One of the marketing trends attracting a lot of attention these days is Augmented Reality or “AR.” As the required hardware has become less expensive and more commonly available, this technology has become better known and more popular.
An augmented reality animation example that can help explain how AR works is shown below (AR Heart Tech Demo). Boiled down to its essentials, augmented reality animation software creates an image or 3D object which the software then blends into a real-life background. The combined image is viewed through the camera aperture of a cell phone. So, as the name implies augmented reality animation adds something to reality that wouldn’t otherwise be there. The blending can be convincing that it is hard to see what is a solid object in the environment and what is an AR overlay image or object.
Take a look at this beating heart AR example created by our artists here at Trinity.
The first step in the AR Heart Tech Demo) was the modeling of realistic human heart in 3 dimensions. The heart is animated to show the rhythmic contractions of the heart muscle. Special augmented reality animation software is loaded on a cell phone and the viewer looks through the cell phone camera aperture. The viewer sees a beating heart suspended above the flat surface. The beating heart can be enlarged, turned at any angle and examined in detail by the viewer. AR-like this could be useful in biology classes and used to help healthcare students learn human anatomy.
Another example of AR demonstrates how AR can be a very practical tool in daily life.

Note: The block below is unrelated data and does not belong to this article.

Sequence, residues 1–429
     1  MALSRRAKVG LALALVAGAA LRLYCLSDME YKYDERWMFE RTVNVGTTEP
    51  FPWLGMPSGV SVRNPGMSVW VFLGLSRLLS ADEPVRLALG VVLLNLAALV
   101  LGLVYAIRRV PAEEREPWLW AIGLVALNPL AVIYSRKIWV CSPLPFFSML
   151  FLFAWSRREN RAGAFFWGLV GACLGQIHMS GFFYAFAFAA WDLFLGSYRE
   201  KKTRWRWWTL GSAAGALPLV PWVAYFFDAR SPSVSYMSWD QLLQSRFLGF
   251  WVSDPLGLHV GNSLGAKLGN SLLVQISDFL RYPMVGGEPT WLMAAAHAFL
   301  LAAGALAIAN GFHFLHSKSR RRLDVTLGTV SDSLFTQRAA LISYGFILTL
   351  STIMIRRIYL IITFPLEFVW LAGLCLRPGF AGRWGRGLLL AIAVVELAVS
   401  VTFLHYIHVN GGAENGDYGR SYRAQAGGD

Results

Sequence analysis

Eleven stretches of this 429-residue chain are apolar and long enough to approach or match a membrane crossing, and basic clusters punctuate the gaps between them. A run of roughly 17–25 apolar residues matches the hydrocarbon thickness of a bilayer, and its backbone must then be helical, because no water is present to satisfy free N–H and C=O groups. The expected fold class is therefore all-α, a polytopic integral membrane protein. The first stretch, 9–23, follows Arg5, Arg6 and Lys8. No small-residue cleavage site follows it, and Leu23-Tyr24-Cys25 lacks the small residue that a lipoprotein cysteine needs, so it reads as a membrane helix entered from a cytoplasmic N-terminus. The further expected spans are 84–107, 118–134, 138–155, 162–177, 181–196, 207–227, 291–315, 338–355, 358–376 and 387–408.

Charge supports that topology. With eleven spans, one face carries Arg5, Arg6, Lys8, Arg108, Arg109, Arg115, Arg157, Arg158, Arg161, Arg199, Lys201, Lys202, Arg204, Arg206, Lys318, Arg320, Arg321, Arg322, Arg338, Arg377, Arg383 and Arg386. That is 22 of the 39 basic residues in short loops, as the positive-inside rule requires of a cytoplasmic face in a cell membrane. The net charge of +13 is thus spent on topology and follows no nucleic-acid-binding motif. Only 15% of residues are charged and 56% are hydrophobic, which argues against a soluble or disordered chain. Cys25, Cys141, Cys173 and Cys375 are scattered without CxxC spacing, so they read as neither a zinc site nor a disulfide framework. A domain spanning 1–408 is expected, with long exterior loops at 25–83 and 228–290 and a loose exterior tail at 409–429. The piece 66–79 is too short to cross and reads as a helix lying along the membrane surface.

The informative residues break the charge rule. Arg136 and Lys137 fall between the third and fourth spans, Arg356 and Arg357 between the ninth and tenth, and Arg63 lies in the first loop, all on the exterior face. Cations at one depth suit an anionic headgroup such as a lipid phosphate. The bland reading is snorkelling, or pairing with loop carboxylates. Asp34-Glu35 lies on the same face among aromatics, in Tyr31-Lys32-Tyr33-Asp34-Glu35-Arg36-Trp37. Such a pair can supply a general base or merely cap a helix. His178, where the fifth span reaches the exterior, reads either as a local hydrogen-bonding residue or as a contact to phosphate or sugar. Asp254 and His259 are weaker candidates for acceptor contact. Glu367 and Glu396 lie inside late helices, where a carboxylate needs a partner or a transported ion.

In this example, we have modeled certain office tables and created choices as to style, size, and form. The AR software is loaded onto the cell phone and be carried anywhere the cell phone can be carried.
A potential furniture buyer can use the AR software to very accurately show what a particular piece of furniture would look like in their own office or home. The furniture customer can change colors and styles until he or she finds a piece that looks great in the particular part of the room which additional furniture is needed.
Currently, there are at least four types of augmented reality:
- [a] markerless augmented reality. This technology uses the GPS or digital compass software which commonly runs on a commercial cell phone. It is commonly used for navigation. The user can call up images which provide real-time directions and assistance in finding nearby businesses of points of interest.
- [b] marker-based augmented reality. This method uses a camera (commonly a cell phone camera) and some type of visual marker such as a QR code to generate an image when the marker is sensed by the reader. One advantage of this approach is that simple patterns are used as the markers, as they can be easily recognized.
- [c] projection-based augmented reality. This technology projects artificial light into real-world surfaces.
- [d] superimposition based augmented reality. This approach to VR replaces the view of the object with an augmented of the same object. IKEA has developed this technology into a usable form for its customers.
What are QR codes?
A quick response code (QR Code) is just a variation on the familiar barcode. It was developed by Denso Wave Corporation in 1994, originally for use as vehicle trackers in the auto industry. The QR code square can hold a broad range of information which can be accessed by scanning the code with an ordinary personal cell phone, just as grocery product barcodes are scanned at grocery stores. QR codes can take static or dynamic forms. As might guess from the term “static” these QR codes contain a fixed amount of information including items such as: a web address(URL), wifi access details, e-mail address, phone number, calendar event and the like. A “dynamic” QR contains code which directs the viewer to a target web address. The advantage of to the author of the dynamic QR code is that the target website can be edited and updated at any time. The owner author of the QR can also track scanning activity and therefore learn details about who is scanning the QR, where it is being scanned and how often.